What do you think?

Until next time, Tim

Somewhat related video from YouTube, could this be the future the SEC fears.

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RavenWood Creative’s Tim Ernst Featured in Communication World Bulletin

CW Bulletin | Combat Information Overload with Visuals – July 2009

 

The July 2009 Communication World Bulletin from IABC features a piece I wrote on using visuals in online communication. Visuals are more that photos on the screen – as websites on their own are a visual media, just like TV and film. Check out my column Using Visuals in Web Communications.

 

Let me know your thoughts on the piece.

 

Until next time, Tim

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Made in America – Red, White and Green…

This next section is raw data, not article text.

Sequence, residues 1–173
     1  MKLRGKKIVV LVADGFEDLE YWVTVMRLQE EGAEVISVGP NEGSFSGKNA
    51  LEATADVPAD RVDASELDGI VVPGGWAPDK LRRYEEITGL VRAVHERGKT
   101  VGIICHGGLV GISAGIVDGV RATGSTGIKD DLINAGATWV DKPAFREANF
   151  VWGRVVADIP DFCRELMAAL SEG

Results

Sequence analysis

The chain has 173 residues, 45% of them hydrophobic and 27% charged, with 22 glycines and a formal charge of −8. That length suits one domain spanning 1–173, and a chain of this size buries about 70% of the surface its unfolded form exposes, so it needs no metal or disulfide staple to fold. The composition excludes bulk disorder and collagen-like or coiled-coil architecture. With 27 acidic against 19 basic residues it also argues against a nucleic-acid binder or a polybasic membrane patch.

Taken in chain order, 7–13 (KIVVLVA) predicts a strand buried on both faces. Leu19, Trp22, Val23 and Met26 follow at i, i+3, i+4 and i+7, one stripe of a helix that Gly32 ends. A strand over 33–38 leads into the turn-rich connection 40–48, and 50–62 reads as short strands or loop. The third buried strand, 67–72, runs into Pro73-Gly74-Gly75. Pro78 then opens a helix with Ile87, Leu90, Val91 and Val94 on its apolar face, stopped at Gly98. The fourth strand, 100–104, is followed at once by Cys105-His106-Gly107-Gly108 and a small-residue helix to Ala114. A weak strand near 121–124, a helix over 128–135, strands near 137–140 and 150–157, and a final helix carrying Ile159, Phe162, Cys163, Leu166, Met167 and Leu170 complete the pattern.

img_0490Last week ABC’s NIGHTLINE did an interesting story on how hard it is to buy products Made in America. As I watched I found it interesting how complacent everyone was about it. I remember watching John Ratzenberger and his Made In America series on the Travel Channel and thinking how proud I was that Americans still make top quality products. A search of “Made in America” on the web finds that maybe the future of American industry lies in new forms of energy. This video is cause for hope, maybe this economy will force America to embrace alternative energy. I recently returned from a trip to San Francisco and was amazed at the “eco-savviness” of the city. Recycling was prominent everywhere, the food court at the Westfield served you on china and with utensils to cut down on the paper plates and cups going in the trash stream. Hybrid taxis and no or low emission vehicles were everywhere. I understand from one of our cabbies all taxis in SF must be hybrid or natural gas vehicles by 2012. It just reminded me that we have a long way to go here in Pennsylvania. The future is alternative and thinking green and the East Coast of the US has a long way to go.